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composed part of a structure. The accounts, noticed in former Numbers of bricks with juscriptions upon them are this Magazine. most generally found here by the Arabs, Proceeding about half a mile further who are constantly employed in digging up the castern bank of the Euphrates, for them to build the houses at Hillah. what has been supposed to be Belus's

Near this mound is another, not so Tower presents itself, about a quarter of high, but rather more extensive, divided a mile removed from the edge of the completely from the former by a space river. It is described by Herodotus, as of one hundred and twenty paces, and understood by Major Rennell, as a having no kind of building standing on tower of five bondred feet in the base, it except a small conical one resembling and as many in height. These dimenZobeide's tomb at Bagdad, and of the sions, however, appear so disproportionsanie workmanship. Bricks, however, ate, that Major Rennell, though he does arc dug out of this place in great quanti- nor absolutely deny the fact, yet hesities for buildings; but, I understand, none tates in admitting it: he gives an exwith impressions of characters on them. cellent comparative plan of it and the

Between these two mounds and the great pyramid at Memphis. Eupbrates, there are no others of any Major Rennel says, that Herodotus description ; a fact of which I am en- must have meant to write “breadth tirely satisfied, from the result of my in- and length,” and not “breadth and quiries, as also from the particular at- height;" in which casche coincides tention with which I observed the face with Strabo : leaving us to imagine it a of the country while passing over it, pyramid consisting of eight stories, in and during the time I was on the top of which form and height it resembles the the mound. About a mile and a half great pyramid at Memphis, except being from Hillah, on the eastern side of the about twenty feet higher. In AlexEupbrates, is a mound of some length, ander's time, the Greeks, who mention close along the bank of the river, but this sepulchre, had also seen the pyrapossessing no particular feature to ren. mids of Egypt, but no comparisons are der it remarkable. About two miles drawn by them of either their bulk or further on, in an easterly direction, is height. Strabo asserts, that the sides of another, more extensive, from which fur- Belus's temple were of burnt bricks. nace-baked bricks are procured in large Della Valle, in his Travels in 1616, quantities for modern houses, but none describes this mound, or Belus's tower, of the sun-burnt kind, or any with in. as a heterogeneous mass, of which he scriptions. At one part of it I saw a could determine nothing as to its ori. wall of red brick, even with the surface ginal state, and that it measured 1134 of the earth, and reaching to the depth paces, or 2700 feet in circumference: of thirty feet in the mound, the surround- be however does not mention what ing rubbish having been excavated for shape it had. I must acknowledge that, the purpose of getting at it; at another, on reaching it, I was agreeably surprised not far distant, I saw the remains of a in finding it possess a greater regularity house, which must have been of exten- of form than I had been led to suppose : sive dimensions ; some of its walls were it was almost a perfect square, restill in great preservation ten feet above taining its faces (excepting the south the surface of the ground, and at other one) quite regular and perceptible. Its sides of it their foundation had not been circuit (ten feet within the outer edge of reached at the depth of forty-five feet. the rubbish) was nine hundred paces, These walls were six feet eight inches or, at two feet and a half per pace, 2250 thick, and built entirely of the finest feet. I then paced the east and south kind of furnace-baked yellowish bricks, faces at the top, and found the former and a very thin lime and sand cement. one hundred and eights, and the latter ?'here was not the most distant reason to one hundred and ninety, paces.* The imagine that reeds and bitumen had south-west angle was by much the lofbeen used in the coustruction of any of tiest part of the whole. Major Rennell's the buildings in any part of this mound modern authorities omit mentioning of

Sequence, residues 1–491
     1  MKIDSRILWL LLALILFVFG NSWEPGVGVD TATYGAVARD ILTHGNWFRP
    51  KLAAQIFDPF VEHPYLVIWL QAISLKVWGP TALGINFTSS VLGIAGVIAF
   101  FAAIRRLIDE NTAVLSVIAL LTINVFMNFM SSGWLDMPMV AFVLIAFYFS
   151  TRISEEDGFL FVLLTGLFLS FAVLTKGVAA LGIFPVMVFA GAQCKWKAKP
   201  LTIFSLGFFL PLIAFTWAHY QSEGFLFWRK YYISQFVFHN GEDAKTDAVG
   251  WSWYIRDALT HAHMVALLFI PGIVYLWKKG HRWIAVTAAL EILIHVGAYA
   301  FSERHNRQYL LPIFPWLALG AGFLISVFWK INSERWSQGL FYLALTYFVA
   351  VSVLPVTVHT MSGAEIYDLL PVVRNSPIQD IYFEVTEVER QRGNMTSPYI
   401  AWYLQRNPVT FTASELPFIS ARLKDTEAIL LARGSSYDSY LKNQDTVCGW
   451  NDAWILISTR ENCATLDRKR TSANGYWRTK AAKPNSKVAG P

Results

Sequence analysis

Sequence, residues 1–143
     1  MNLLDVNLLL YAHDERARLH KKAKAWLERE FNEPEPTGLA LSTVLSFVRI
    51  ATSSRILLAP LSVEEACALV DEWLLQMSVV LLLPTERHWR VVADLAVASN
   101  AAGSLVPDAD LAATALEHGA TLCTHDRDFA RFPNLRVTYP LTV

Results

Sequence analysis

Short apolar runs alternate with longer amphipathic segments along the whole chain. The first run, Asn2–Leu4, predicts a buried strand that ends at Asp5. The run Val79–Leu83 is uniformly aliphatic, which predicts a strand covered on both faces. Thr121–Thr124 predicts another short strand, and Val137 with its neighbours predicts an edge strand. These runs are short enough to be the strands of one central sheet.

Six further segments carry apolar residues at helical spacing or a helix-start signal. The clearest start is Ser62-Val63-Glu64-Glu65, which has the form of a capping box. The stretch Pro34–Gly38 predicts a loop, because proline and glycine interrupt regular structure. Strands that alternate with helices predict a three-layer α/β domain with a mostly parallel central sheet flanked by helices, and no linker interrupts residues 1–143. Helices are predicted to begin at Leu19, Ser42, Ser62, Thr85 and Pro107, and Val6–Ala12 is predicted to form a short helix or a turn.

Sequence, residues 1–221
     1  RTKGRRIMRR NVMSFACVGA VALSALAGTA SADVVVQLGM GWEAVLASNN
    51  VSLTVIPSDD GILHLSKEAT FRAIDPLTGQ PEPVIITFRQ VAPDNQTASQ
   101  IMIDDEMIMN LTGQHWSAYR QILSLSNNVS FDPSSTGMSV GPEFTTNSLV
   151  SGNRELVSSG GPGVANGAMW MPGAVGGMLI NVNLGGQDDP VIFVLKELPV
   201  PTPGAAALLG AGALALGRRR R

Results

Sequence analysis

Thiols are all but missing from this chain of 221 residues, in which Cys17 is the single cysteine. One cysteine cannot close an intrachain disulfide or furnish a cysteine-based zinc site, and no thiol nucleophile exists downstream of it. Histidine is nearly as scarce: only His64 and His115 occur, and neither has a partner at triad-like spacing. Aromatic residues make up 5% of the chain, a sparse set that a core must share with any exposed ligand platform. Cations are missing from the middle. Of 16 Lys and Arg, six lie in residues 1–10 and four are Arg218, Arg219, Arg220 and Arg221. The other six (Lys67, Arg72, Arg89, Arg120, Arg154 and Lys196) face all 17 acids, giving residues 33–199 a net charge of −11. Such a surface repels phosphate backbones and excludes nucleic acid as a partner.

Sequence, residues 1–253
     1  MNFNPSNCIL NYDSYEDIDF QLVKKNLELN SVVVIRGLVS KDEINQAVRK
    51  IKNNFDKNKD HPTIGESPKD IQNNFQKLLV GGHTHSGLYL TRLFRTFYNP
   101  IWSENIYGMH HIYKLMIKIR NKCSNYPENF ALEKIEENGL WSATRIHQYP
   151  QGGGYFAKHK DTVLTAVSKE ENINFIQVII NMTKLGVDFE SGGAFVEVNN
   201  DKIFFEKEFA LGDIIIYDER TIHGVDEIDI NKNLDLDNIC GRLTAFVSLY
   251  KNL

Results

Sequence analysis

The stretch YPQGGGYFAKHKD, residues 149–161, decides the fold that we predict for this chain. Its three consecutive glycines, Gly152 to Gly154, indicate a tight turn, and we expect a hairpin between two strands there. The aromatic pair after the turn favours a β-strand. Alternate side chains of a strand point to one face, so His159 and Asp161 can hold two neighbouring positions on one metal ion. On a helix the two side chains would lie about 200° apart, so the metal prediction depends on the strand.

Our author now proceeds to describe what kind of materials they found the the scite and appearance of the famous mound composed; but it appeared clcar, Tower of Belus, with his judicious re- that the outer face or coating had been marks on the extent and dimensions of formed of red furnace-baked bricks, cethese venerable remains of antiquity,

mented oompared with former histories and later Medium 660 feet each face.

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mented with lime and sand; and the apprehension of any mischief, nor was I
interior mass of suu-burnt opes, with pushed for timo, being perfectly at my
layers of reeds and bitumen for their ease, and having full leisure to examine
adhesion at every course. What I the whole of it, which I did with great
form this opinion from is, that the foot attention ; and, on reading Major Ren-
of each of the faces is strewed with great nell's remarks on this part of his account,
quantities of the red bricks, and that, while seated on the top of the tower, I sur-
on ascending to the top of the mound, veyed the whole country in the vicinity,
and throughout the whole body of it, but could not perceive even a single hil-
nothing but the clay sun-burnt brick is lock, or the least vestige of a mound,
to be found. The bricks of this place except the one described just before, at
are much larger, coarser, and thieker, the distance of about a half a mile, and
than the others that I had seen; they the double banks of a deep water-course,